Greatest rulers of Ancient India – SAMUDRAGUPTA

Coin of the Gupta king Samudragupta
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Greatest rulers of Ancient India – SAMUDRAGUPTA

He was the fourth ruler of the great Gupta Empire that cover the vast expanse of the Indian subcontinent. Also named as the Napoleon of India Samudragupta was known for his magnanimous bearing, courage and cultural respect.

Title of maharajadhiraj that was attached to his name was well earned as he uprooted 8 rulers of aryavarta, defeated the 12 great kings of the dakshinapatha but allowed them to rule again under his command, formed alliances with the rulers of Assam, coastal Bengal and Nepal to bring the entire Bharatvarsh under the rule of one monarch that was himself, who performed the great Ashwamedha Yajna.

His Empire extended from the greater Himalayas in the north to river Narmada in the south, from Brahmaputra in the east to the Yamuna in the west.

Being a king like none other in the history ever before, he was a man of culture, a celebrated poet titled ‘Kaviraj’ and musician with a gold coin that was inscribed in his time describing him with a Veena on its surface, furthermore displaying exemplary qualities that have been described by this court poet Harisen in the Prayag prashasti also known as Allahabad pillar inscription, Samdragupta appeared more of a demigod than a human.

Tolerant towards other religions and being on friendly terms with the king of Ceylon, that is present day Sri Lanka he gave him his permission to build the monastery at Bodhgaya for the convenience of Buddhist monks.

With the passage of time it was said that Samudragupta’s who had fought and gained his honour in wars and battles, his body was covered with hundreds of marks caused by the blow of battle Axes, swords, lances, barbed darts, javelins.


The unloved son of the King Bindusara and the grandson of Chandragupta Maurya, Emperor Ashoka took the Mauryan Empire that was established by his forefathers to great heights.

Known as Devanpriya priyadassi that literally means ‘beloved of the Gods’ in all his inscriptions across the subcontinent and one of the greatest patrons of Buddhism the journey of Ashoka was not simple neither something that can be achieved by common men.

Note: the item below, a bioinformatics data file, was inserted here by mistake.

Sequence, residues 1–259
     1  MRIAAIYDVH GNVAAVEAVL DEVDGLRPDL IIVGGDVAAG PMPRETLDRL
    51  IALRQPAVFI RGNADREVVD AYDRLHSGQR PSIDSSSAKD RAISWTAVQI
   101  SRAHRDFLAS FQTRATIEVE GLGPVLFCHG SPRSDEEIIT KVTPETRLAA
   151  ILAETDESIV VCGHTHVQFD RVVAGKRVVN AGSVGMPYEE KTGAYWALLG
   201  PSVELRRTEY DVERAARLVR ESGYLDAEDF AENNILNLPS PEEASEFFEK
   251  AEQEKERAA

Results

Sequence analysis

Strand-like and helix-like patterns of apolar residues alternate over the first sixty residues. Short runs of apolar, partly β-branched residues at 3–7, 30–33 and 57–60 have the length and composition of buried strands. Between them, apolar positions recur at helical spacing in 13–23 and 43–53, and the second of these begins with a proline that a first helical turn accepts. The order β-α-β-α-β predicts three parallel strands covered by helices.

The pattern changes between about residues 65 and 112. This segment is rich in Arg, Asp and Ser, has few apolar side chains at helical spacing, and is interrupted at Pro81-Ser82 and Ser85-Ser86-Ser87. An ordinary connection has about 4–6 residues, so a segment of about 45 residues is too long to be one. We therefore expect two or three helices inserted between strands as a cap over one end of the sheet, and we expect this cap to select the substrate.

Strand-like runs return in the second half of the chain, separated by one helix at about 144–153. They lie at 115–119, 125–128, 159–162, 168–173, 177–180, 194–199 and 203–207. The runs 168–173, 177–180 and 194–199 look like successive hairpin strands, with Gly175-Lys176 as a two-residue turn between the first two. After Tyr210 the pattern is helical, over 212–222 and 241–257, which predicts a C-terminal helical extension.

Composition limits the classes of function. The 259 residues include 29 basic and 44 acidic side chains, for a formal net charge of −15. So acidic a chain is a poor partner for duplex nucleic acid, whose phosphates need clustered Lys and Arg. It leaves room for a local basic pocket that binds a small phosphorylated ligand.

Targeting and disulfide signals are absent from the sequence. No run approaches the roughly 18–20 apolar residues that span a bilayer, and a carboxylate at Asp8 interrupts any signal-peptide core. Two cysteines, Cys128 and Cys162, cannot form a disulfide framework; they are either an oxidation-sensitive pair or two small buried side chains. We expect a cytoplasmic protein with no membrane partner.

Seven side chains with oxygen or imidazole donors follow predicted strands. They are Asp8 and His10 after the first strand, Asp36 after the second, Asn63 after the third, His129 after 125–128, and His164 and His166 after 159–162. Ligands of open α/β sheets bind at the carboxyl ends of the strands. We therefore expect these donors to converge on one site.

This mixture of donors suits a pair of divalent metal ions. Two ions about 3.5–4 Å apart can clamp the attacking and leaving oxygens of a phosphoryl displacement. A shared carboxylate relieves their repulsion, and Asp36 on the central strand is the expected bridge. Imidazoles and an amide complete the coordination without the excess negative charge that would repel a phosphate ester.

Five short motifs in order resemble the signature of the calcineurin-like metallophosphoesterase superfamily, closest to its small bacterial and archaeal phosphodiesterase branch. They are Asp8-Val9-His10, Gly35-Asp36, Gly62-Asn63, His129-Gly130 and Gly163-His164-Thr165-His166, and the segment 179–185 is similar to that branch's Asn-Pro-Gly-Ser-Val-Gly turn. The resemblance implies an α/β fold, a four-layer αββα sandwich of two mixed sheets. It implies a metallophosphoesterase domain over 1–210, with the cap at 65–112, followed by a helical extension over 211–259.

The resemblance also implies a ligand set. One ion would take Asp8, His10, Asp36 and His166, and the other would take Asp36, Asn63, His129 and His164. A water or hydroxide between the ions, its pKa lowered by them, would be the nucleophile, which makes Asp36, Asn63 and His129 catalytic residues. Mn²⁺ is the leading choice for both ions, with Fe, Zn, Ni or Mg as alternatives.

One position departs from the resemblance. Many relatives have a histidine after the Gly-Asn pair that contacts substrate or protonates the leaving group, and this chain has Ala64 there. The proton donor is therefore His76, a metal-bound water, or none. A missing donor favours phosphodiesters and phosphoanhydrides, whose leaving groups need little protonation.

As a prince his father dispatched him to the famous city of Takshashila that was prosperous and geopolitically important to suppress a rebellion according to two Buddhist texts Ashok Sutra and Kunal Sutra. Emperor Bindusara provided Ashoka with fourfold Army comprising cavalry, elephant, chariots and infantry but he refused to provide him with any weapons.

When the prince came to know about this, he declared that weapons might appear before him if he was worthy of being a king and then it is said the Gods and Goddesses later emerged from the earth and provided weapons to their army.

As soon as the prince reached the footholds of Takshashila, the citizens not only welcomed him but also described that the rebellion was not against the king and was only meant to demand justice from some of the evil ministers.

Legends also say that Prince Ashoka was not the Crown Prince and his accession to Throne involve a lot of bloodshed. The Mahavamsa depicts that when Bindusara fell ill Ashoka return to Patliputra from Ujjain and gain control to the capital after his father’s death. His eldest brother was killed and he ascended The Throne.

It is said that the time before Ashoka adopted Buddhism he was brutal with no compassion and was called Chand Ashok. Such descriptions of Evil appear to be fabrications of Buddhist authors who wanted to exaggerate Ashoka’s past wickedness and his compassion and change after the conversion.

According to Ashoka’s major Rock edict 13, Eight years after the accession of Throne Ashoka wanted to conquer Kaling which is situated in modern day Orissa. After the bloodshed in the war broke the Kingís heart he took an oath to never go on a war again and established a peaceful and prosperous era of Indian culture build on the foundations of peace and Dharma.

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